Cave 26 is actually a complex of caves: a large caitya hall and two side viharas (Cave 26L and Cave 26R). According to the inscription, these caves were donated by a monk named Buddhabhadra.

The entire facade of Cave 26 is covered in Buddhas and related images, many of which were probably added after Buddhabhadra's involvement with the cave. This overflow of intrusive imagery indicates regular use and popularity of the cave image.


The Cave 26 complex had a large courtyard, connecting the right and left wings to the main cave. The facade may have originally been more elaborate as well, with a deep porch (the cliff has crumbled away).

The door is in late Gupta style, with a T-shape, and the river goddesses in the corners not supported by the pilasters. This indicates that Cave 26 was one of the latest caves to be excavated at the site.

The Laksmi-Hariti image over the door of the porch cell suggests origins in Gandhara, though the style is clearly Vakataka: smooth, massive volumes.


The interior is also elaborately carved, with a frieze of Buddhas and attendants running along the corbel, and the "beams" carved and painted.

The ambulatory ceiling was painted with an elaborate lotus lake motif, seen in many of the caves at Ajanta. Here, several geese sport amid lotud buds. The blue pigment used forthis scene was made from lapis, and would have been very expensive.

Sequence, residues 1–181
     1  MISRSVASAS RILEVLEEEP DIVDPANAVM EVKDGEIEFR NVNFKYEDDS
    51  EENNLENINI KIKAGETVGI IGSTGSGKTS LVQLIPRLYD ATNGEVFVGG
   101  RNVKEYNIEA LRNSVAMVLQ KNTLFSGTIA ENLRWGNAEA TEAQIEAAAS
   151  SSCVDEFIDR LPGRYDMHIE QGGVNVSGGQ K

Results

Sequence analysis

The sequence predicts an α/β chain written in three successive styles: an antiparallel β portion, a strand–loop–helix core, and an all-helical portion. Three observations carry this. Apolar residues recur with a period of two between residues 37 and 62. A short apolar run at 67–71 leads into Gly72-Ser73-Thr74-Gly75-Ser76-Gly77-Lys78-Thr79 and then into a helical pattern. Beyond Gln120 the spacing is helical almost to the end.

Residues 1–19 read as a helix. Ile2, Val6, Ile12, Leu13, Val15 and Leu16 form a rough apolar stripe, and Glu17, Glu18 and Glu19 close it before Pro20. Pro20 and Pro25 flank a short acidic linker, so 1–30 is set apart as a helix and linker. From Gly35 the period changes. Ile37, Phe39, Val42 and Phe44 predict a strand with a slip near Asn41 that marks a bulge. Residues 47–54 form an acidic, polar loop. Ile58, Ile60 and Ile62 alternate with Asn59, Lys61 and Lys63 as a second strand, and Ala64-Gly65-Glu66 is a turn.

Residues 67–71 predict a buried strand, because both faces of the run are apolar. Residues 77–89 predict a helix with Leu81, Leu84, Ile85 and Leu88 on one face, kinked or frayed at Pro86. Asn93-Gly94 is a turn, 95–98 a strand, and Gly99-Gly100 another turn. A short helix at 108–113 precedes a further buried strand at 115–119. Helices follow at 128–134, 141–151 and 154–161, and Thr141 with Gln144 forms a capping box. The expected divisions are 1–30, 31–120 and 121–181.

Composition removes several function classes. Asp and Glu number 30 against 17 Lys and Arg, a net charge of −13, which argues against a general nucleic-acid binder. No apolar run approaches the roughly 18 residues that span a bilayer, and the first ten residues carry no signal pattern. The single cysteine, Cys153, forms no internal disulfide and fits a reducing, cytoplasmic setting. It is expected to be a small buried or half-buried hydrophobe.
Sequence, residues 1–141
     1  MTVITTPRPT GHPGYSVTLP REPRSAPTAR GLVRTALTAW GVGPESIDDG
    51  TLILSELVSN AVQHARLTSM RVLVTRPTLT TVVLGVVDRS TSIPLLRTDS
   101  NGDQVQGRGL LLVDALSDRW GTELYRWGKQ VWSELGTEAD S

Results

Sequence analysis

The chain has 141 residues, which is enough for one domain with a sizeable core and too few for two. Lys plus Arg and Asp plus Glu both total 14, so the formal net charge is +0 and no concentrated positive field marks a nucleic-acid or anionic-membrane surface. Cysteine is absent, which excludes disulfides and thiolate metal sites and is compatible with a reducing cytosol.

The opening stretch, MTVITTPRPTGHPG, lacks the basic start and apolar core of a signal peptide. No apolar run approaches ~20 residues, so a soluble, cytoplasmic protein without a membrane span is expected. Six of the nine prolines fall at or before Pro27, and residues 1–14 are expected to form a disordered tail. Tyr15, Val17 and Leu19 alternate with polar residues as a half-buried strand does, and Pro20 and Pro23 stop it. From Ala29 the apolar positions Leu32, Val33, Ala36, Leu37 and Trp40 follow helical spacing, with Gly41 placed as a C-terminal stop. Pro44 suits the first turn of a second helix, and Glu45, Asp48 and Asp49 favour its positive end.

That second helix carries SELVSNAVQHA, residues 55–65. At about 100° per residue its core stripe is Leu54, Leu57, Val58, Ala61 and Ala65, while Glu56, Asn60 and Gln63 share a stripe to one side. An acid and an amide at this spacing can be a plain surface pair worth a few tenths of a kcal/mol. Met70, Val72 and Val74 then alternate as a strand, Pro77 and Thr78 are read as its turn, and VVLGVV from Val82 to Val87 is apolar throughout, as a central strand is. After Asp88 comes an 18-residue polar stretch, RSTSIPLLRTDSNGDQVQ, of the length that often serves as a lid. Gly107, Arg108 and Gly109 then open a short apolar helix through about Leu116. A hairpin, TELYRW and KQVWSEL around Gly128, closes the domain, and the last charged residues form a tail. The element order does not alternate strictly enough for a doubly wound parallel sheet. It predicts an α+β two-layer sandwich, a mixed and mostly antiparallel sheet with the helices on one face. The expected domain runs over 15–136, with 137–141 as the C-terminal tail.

Mara's Daughter dances to tempt Siddhartha from becoming the Buddha.


The walls of the ambulatory are carved with scenes of the Buddha's life and miracles, including the Temptation by Mara, and the famous colossal Parinirvana, with disciples mourning the Buddha on his deathbed.



Cave 26R

Cave 26R may have originally been intended as a vihara, but became a collection of smaller shrines and niches. One of the most interesting niches is one with an elaborate stone bed- an empty bed.

One of our participants demonstrates the size of teh bed- able to comfortaby accomodate a small person.

Whether this bed was intended for a monk (perhaps Buddhabhadra himself?) or a Parinirvana image is unknown. It was common to have wooden images of the dying Buddha set upon stone beds like the one in 26R, but there are no motice-holes to hold an image onto the bed.





Have pictures of Cave 26 you would like to share? Please contact me!


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